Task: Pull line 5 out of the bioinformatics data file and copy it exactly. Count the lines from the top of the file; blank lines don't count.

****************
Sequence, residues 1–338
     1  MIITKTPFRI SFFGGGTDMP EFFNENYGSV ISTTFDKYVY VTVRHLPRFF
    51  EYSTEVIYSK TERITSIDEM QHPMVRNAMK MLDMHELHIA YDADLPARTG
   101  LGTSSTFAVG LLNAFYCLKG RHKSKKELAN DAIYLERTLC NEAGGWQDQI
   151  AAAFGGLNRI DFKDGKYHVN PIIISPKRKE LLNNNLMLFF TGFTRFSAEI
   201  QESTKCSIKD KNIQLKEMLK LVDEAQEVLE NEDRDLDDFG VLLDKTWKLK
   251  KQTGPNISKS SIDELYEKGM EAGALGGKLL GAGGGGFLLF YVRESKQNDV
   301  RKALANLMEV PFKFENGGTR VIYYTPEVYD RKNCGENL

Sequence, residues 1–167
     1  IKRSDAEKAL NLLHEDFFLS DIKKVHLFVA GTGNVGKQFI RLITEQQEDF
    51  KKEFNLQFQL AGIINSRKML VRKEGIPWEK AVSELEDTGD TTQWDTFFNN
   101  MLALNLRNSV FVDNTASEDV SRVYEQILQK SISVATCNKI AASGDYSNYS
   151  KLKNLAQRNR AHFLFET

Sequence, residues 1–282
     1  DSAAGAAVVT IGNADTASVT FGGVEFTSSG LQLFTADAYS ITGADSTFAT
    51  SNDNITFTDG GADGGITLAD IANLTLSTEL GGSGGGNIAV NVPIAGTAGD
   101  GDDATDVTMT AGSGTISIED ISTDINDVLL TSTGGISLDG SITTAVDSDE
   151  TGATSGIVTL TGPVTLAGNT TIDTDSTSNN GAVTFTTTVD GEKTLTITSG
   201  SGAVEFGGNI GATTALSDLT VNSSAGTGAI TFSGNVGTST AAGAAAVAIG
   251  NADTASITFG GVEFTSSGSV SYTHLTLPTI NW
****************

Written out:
   151  AAAFGGLNRI DFKDGKYHVN PIIISPKRKE LLNNNLMLFF TGFTRFSAEI